(Reuters) -Ukrainian and Russian forces were entrenched in eastern Ukrainian battlegrounds on Wednesday, a day of commemoration in both countries to mark the anniversary of Hitler’s invasion of the Soviet Union in 1941. Fighting in the months-long war has favoured Russia in recent weeks because of its huge edge in artillery firepower, a fact Ukrainian […]
Russia pounds eastern Ukraine, Putin to mark WWII anniversary
(Reuters) -Ukrainian and Russian forces were entrenched in eastern Ukrainian battlegrounds on Wednesday, a day of commemoration in both countries to mark the anniversary of Hitler’s invasion of the Soviet Union in 1941.
Fighting in the months-long war has favoured Russia in recent weeks because of its huge edge in artillery firepower, a fact Ukrainian President Volodymyr Zelenskiy acknowledged in a late Tuesday address.
“Thanks to tactical manoeuvres the Ukrainian army is strengthening its defences in the Luhansk region,” he said. “That is really the toughest spot. The occupiers are also pressing strongly in the direction of Donetsk.”
Luhansk and Donetsk provinces combined are known as the Donbas, where Russian-backed separatists have been fighting Ukrainian forces since 2014 following Russia’s annexation of Crimea from Ukraine.
“And just as actively as we are fighting for a positive decision by the European Union on Ukraine’s candidate status, we are also fighting every day for modern weaponry for our country. We don’t let up for a single day,” Zelenskiy said, urging his country’s supporters to speed up arms deliveries.
In a symbolic decision, Ukraine is set to become an official candidate for European Union membership on Thursday, EU diplomats said.
Russia’s failure to make a major breakthrough since invading Ukraine on Feb. 24 means time is on the side of Ukrainians, according to some military analysts.
“It’s a heavyweight boxing match. In 2 months of fighting, there has not yet been a knockout blow. It will come, as RU forces become more depleted,” retired U.S. Lieutenant General Mark Hertling, a former commander of U.S. ground forces in Europe, wrote on Twitter.
June 22 is a significant date in Russia – the “Day of Remembrance and Sorrow” – marking when Hitler’s Nazi Germany forces invaded the Soviet Union in World War Two. It is also commemorated in Ukraine and neighbouring Belarus, then part of the Soviet Union. The war there lasted 1,418 days from June 22, 1941, and historians estimate about 27 million Soviet soldiers and civilians were killed.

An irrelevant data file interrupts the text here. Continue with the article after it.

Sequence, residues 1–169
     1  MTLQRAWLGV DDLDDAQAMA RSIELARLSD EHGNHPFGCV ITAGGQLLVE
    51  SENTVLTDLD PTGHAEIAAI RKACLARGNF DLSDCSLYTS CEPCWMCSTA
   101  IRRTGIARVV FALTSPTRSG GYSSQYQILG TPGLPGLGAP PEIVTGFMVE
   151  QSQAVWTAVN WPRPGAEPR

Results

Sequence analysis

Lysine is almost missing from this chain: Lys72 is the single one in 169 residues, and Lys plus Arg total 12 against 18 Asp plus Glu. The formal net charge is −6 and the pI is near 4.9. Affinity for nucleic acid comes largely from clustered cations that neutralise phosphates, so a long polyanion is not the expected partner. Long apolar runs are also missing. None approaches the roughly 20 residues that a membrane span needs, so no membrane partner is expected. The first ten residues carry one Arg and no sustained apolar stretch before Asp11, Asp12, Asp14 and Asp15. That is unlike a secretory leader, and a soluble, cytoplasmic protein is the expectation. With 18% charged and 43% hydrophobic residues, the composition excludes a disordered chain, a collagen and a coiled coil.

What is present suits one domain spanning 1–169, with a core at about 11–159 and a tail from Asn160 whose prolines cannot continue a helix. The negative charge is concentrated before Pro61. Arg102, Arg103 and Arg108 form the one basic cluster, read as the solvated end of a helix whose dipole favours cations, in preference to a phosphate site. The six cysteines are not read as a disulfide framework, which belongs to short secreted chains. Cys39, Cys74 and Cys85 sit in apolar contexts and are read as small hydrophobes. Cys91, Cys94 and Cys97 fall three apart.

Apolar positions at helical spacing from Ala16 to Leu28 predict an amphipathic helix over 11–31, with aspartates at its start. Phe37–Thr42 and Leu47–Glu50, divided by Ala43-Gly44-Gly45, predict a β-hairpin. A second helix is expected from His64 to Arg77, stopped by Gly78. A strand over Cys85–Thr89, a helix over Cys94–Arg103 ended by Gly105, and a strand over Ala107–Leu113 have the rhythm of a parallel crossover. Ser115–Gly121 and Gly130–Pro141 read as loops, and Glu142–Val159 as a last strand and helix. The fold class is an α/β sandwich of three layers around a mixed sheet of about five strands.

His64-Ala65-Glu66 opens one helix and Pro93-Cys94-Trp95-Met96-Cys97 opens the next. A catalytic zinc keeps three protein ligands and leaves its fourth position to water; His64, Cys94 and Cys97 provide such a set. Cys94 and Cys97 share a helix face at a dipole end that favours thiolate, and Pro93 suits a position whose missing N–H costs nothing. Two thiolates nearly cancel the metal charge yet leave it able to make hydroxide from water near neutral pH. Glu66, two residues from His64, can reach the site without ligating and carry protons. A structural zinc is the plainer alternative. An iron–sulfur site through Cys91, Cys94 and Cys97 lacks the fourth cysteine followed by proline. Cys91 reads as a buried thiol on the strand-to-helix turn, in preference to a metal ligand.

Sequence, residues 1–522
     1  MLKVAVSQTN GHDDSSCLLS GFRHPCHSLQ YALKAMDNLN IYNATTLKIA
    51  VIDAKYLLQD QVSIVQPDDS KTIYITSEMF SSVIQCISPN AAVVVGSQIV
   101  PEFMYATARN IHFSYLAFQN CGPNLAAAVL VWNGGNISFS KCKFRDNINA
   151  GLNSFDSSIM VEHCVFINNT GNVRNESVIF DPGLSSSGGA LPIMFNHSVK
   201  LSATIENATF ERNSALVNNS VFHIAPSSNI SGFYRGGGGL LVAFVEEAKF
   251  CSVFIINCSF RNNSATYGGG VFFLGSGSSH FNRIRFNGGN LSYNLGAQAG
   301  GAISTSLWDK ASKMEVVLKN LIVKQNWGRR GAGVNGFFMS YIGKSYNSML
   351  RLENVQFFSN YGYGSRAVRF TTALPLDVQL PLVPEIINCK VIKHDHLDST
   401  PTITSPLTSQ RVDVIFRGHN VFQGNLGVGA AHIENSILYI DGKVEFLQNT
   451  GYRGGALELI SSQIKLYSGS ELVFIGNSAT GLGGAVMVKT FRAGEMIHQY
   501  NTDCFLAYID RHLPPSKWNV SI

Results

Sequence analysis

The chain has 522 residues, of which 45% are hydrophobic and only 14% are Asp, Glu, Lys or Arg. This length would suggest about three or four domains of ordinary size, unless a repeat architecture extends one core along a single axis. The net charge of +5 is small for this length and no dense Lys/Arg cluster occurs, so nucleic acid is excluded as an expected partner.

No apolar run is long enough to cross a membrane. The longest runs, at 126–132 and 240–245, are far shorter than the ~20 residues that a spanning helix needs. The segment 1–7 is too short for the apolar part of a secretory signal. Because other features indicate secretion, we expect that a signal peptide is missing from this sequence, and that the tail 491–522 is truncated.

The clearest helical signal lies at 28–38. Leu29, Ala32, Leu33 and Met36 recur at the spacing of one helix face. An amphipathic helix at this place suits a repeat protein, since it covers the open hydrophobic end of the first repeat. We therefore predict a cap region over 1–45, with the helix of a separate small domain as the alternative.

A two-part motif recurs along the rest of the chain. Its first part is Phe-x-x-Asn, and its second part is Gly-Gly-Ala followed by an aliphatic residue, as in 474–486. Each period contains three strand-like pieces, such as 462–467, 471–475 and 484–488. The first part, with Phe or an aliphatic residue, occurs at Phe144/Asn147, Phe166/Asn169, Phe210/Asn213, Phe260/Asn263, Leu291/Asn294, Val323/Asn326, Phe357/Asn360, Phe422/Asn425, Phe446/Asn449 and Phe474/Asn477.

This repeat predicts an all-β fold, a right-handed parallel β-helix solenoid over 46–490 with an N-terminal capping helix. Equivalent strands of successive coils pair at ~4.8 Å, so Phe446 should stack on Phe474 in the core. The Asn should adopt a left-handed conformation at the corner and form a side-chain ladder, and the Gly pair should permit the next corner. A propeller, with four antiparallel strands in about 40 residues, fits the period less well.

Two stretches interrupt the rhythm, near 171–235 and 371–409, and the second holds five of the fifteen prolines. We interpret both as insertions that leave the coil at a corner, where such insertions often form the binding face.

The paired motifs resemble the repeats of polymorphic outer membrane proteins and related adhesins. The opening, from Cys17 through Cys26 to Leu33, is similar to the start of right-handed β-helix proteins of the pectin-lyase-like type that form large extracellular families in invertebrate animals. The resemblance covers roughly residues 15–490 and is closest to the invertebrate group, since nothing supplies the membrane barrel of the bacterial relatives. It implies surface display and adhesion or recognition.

Russian President Vladimir Putin, who launched what he calls a “special military operation” in Ukraine to root out Nazis, is due to lay flowers to honour the dead.
The Ukrainian government and its Western backers say Putin has used a false pretext to wage an unprovoked war of aggression on its neighbour.
To mark the anniversary, the Russian defence ministry on Wednesday released documents dating back to the beginning of World War Two purporting to show Germany intended to claim the Soviet army was bombing churches and cemeteries to justify its invasion.
“Just as nowadays, in 1941, the Nazis prepared provocations in advance to discredit our state,” Russia’s defence ministry said.
Russian forces and separatists in east Ukraine made advances on Tuesday, pushing towards Lysychansk city, the Ukrainian forces’ main bastion in the Donbas.
In some of the bloodiest fighting in Europe since World War Two, Russia has made slow progress in the Donbas since April in a conflict that has cost thousands of soldiers’ lives on both sides.
The separatist Donetsk People’s Republic had acknowledged more than 2,000 military personnel killed and almost 9,000 wounded since the beginning of the year, according to British military intelligence. That was equivalent to about 55% of its original force, it said.
Some of the fighting has spanned the Siverskyi Donets river that curls through the Donbas, with Russian forces mainly on the east bank and Ukrainian forces mainly on the west.
But Ukrainian troops – and an estimated 500 civilians – are reportedly still holding out at a chemical plant in the east bank city of Sievierodonetsk.
The governor of Luhansk province, Serhiy Gaidai, said Russians were advancing towards Lysychansk, attacking the buildings of police, state security and prosecutors, taking settlements and attacking the city with aircraft.
Oleskiy Arestovych, an adviser to Zelenskiy, said Russian forces could cut off Lysychansk and Sievierodonetsk from Ukrainian-held territory.
“The threat of a tactical Russian victory is there, but they haven’t done it yet,” he said in an online video.
Attacks have picked up in the Kharkiv region in the northeast, with at least 15 civilians killed by Russian shelling, its governor said on Tuesday.
“Russian forces are now hitting the city of Kharkiv in the same way that they previously were hitting Mariupol – with the aim of terrorising the population,” Arestovych said. “The idea is to create one big problem to distract us.”
Reuters could not immediately confirm the battlefield accounts.
In retaliation for Western sanctions, Russia has begun pumping lower volumes of gas to Europe via Ukraine.
European Union states have outlined measures to cope with a supply crisis after the invasion put energy at the heart of an economic battle between Russia and the West.
Russia warned Lithuania on Tuesday it would face measures of a “serious negative impact” for blocking some shipments by rail to Russia’s Baltic Sea enclave of Kaliningrad.
Fellow Baltic nation Estonia expressed solidarity with Lithuania and summoned the Russian ambassador to protest against an “extremely serious” violation of its airspace by a Russian helicopter.
(Reporting by Reuters bureax; Writing by Grant McCool and Lincoln Feast; Editing by Richard Pullin and Robert Birsel)